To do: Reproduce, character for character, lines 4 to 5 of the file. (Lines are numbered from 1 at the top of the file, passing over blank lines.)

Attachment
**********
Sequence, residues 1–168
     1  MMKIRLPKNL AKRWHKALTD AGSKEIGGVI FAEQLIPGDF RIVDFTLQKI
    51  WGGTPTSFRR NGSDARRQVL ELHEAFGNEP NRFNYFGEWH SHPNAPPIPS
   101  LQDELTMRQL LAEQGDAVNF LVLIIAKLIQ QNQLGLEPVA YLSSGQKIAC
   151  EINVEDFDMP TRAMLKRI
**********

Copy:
   101  LQDELTMRQL LAEQGDAVNF LVLIIAKLIQ QNQLGLEPVA YLSSGQKIAC
   151  EINVEDFDMP TRAMLKRI